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Carrie Langston, Jian Zhang, and Kenneth Howard

Abstract

Communities and many industries are affected by severe weather and have a need for real-time accurate Weather Surveillance Radar-1988 Doppler (WSR-88D) data spanning several regions. To fulfill this need the National Severe Storms Laboratory has developed a Four-Dimensional Dynamic Grid (4DDG) to accurately represent discontinuous radar reflectivity data over a continuous 4D domain. The objective is to create a seamless, rapidly updating radar mosaic that is well suited for use by forecasters in addition to advance radar applications such as qualitative precipitation estimates. Several challenges are associated with creating a 3D radar mosaic given the nature of radar data and the spherical coordinates of radar observations. The 4DDG uses spatial and temporal weighting schemes to overcome these challenges, with the intention of applying minimal smoothing to the radar data. Previous multiple radar mosaics functioned in two or three dimensions using a variety of established weighting schemes. The 4DDG has the advantage of temporal weighting to smooth radar observations over time. Using an exponentially decaying weighting scheme, this paper will examine different weather scenarios and show the effects of temporal smoothing using different time scales. Specifically, case examples of the 4DDG approach involving a rapidly evolving convective event and a slowly developing stratiform weather regime are considered.

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Jian Zhang, Carrie Langston, and Kenneth Howard

Abstract

The occurrence of a bright band, a layer of enhanced reflectivity due to melting of aggregated snow, increases uncertainties in radar-based quantitative precipitation estimation (QPE). The height of the brightband layer is an indication of 0°C isotherm and can be useful in identifying areas of potential icing for aviation and in the data assimilation for numerical weather prediction (NWP). Extensive analysis of vertical profiles of reflectivity (VPRs) derived from the Weather Surveillance Radar-1988 Doppler (WSR-88D) base level data showed that the brightband signature could be easily identified from the VPRs. As a result, an automated brightband identification (BBID) scheme has been developed. The BBID algorithm can determine from a volume scan mean VPR and a background freezing level height from a numerical weather prediction model whether a bright band exists and the height of the brightband layer. The paper presents a description of the BBID scheme and evaluation results from a large dataset from WSR-88D radars in different geographical regions and seasons.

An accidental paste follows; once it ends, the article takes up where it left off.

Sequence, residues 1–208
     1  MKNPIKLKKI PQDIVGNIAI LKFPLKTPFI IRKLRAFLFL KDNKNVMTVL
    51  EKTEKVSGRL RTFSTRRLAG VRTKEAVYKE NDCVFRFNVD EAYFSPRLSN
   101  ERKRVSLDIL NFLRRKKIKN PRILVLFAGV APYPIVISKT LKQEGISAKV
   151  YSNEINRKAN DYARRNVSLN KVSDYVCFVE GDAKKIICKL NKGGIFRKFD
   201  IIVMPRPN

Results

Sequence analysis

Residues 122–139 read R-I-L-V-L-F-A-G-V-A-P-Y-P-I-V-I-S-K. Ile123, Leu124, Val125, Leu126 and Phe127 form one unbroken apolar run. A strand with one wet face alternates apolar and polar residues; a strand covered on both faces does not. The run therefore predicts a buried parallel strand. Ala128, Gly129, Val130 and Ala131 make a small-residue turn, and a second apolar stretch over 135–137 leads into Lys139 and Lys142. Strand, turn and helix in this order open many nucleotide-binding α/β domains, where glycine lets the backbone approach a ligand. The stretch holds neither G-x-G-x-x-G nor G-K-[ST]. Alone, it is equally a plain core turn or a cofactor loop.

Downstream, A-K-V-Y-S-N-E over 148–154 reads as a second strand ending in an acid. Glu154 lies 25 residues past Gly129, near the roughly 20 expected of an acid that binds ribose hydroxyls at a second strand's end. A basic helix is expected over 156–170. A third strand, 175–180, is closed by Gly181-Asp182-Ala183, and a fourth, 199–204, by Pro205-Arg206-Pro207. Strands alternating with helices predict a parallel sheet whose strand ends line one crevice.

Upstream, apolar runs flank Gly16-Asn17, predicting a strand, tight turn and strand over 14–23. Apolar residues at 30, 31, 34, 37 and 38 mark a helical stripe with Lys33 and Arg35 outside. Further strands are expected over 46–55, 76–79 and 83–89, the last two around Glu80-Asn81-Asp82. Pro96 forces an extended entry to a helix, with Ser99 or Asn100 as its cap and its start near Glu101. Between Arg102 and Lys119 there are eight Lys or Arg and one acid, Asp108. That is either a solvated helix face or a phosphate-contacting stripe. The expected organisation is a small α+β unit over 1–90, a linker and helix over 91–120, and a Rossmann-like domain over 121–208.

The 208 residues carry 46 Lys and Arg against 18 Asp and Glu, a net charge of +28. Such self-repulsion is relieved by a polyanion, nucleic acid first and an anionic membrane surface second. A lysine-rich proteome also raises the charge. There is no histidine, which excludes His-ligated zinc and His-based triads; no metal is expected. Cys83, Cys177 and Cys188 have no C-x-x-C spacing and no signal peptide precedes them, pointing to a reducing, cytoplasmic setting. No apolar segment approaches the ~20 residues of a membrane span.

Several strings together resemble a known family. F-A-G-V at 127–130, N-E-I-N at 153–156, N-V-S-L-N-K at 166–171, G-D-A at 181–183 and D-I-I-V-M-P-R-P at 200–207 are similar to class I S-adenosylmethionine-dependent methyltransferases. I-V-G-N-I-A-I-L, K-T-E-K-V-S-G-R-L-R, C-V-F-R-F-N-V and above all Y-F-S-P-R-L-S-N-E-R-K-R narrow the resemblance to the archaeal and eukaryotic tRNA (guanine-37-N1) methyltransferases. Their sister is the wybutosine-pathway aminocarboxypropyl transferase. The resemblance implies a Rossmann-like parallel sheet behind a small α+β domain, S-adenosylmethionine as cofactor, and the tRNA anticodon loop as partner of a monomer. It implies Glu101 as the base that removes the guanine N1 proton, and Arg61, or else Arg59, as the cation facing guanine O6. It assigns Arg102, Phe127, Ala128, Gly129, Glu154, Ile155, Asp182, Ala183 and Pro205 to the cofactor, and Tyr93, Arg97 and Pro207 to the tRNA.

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Youcun Qi, Jian Zhang, Brian Kaney, Carrie Langston, and Kenneth Howard

Abstract

Quantitative precipitation estimation (QPE) in the West Coast region of the United States has been a big challenge for Weather Surveillance Radar-1988 Doppler (WSR-88D) because of severe blockages caused by the complex terrain. The majority of the heavy precipitation in the West Coast region is associated with strong moisture flux from the Pacific that interacts with the coastal mountains. Such orographic enhancement of precipitation occurs at low levels and cannot be observed well by WSR-88D because of severe blockages. Specifically, the radar beam either samples too high above the ground or misses the orographic enhancement at lower levels, or the beam broadens with range and cannot adequately resolve vertical variations of the reflectivity structure. The current study developed an algorithm that uses S-band Precipitation Profiler (S-PROF) radar observations in northern California to improve WSR-88D QPEs in the area. The profiler data are used to calculate two sets of reference vertical profiles of reflectivity (RVPRs), one for the coastal mountains and another for the Sierra Nevada. The RVPRs are then used to correct the WSR-88D QPEs in the corresponding areas. The S-PROF–based VPR correction methodology (S-PROF-VPR) has taken into account orographic processes and radar beam broadenings with range. It is tested using three heavy rain events and is found to provide significant improvements over the operational radar QPE.